Andrew Purkis: An ‘inconvenient truth’ for the Charity Commission

31 Jan 2019 Voices

The Charity Commission needs to understand that the public do not know what charities are and acknowledge the limitations of its research about public trust, writes Andrew Purkis, a former Commission board member.

Baroness Stowell, chair of the Charity Commission has said repeatedly that it is not the Commission's job to educate the public about charities. Its job is to tell charities what the public expects and wants from them. That's the core of its new statement of strategic intent.

Therein lies a paradox. For the Commission's own research reveals that the public in general don't know what charities are.

Let us recall the Charity Commission's publication of research by Populus in July 2018. A sample of over 2,000 members of the public were asked what the word "charities" brought to mind. The result was a grand total of about nine named charities, all big national names, obviously led by Oxfam, in the wake of the scandal. The sample mentioned only limited categories of charities: mainly medical/cancer, children and animals. Populus commented: "Very few respondents immediately thought of local charities [ie the overwhelming majority of all charities in real life], educational organisations or cultural institutions."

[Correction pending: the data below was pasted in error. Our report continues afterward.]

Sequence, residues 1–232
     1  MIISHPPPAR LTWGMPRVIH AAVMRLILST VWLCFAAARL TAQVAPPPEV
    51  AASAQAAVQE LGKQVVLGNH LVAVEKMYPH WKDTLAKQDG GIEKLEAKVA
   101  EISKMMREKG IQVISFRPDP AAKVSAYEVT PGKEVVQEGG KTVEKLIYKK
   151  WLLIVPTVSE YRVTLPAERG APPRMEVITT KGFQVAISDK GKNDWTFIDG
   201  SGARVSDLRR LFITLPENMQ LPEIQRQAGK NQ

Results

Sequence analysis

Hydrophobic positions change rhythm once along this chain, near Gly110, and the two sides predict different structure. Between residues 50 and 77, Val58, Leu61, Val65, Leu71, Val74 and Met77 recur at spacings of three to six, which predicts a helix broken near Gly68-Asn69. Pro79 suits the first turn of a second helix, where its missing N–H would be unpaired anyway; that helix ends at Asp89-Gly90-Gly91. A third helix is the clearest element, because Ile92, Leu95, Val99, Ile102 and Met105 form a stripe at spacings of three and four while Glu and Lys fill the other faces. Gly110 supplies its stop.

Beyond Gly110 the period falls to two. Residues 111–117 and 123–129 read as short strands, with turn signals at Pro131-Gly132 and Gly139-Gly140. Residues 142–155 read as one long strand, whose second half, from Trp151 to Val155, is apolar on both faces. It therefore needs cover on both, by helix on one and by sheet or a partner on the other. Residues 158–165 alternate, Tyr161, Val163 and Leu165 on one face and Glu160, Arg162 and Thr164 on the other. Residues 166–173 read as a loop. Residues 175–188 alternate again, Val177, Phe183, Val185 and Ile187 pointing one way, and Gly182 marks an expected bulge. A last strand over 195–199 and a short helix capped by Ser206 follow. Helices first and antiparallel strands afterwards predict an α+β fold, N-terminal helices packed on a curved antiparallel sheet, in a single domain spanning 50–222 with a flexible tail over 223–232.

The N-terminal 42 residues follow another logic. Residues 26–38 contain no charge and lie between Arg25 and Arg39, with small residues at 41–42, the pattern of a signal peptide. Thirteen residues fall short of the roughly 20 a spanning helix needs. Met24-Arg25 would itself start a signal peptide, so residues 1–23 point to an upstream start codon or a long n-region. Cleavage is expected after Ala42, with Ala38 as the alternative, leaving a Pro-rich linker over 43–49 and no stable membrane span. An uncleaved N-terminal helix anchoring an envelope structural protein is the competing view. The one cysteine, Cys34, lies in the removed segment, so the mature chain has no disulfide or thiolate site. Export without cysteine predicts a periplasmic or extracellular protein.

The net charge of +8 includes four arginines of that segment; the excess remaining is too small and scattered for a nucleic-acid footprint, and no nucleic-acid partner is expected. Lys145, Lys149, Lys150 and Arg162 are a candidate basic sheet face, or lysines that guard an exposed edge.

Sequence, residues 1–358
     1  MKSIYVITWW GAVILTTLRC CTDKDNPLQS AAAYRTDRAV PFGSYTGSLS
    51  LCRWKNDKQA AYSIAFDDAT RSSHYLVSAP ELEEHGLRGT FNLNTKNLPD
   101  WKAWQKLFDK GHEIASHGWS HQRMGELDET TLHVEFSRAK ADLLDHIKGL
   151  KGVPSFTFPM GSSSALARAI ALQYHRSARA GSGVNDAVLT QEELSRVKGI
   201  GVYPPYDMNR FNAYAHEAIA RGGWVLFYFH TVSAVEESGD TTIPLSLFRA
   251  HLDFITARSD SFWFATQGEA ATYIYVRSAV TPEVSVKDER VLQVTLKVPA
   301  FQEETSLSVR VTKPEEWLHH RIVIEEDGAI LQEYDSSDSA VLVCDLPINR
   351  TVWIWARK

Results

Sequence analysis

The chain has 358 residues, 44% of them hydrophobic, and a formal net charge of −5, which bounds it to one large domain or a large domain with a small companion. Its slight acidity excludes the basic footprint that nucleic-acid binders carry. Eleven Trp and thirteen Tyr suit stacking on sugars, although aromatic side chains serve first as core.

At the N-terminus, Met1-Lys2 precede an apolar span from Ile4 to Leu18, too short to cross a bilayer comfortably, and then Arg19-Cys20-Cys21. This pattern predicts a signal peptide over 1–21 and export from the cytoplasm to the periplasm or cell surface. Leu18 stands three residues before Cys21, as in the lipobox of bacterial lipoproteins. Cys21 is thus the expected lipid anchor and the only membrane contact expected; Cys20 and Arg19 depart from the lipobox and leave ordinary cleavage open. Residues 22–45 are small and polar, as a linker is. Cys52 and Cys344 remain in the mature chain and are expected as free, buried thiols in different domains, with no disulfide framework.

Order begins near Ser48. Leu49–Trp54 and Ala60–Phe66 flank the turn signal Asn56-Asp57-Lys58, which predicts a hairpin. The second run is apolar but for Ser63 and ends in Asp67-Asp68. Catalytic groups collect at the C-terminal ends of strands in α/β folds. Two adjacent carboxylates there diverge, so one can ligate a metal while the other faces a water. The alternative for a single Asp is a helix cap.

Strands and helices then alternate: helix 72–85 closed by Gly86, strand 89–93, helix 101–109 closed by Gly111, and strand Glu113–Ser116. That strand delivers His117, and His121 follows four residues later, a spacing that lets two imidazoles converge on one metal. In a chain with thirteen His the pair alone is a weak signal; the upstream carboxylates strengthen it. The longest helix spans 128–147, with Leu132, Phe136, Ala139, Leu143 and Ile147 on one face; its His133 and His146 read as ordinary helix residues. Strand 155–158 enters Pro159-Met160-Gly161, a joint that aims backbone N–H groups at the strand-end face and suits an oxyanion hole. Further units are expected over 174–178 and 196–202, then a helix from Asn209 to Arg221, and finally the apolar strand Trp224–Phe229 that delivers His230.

They might have added, nor did respondents think of religious charities (one in six or so of all charities), environmental, community development or human rights charities either. Populus add: "This context must be borne in mind when interpreting public trust in charities".

Subsequent Populus focus group research for the Commission found exactly the same: "It was large, household names which they first thought of when appraising the sector", Populus report. No surprise there, so that might leave about 167,990 others.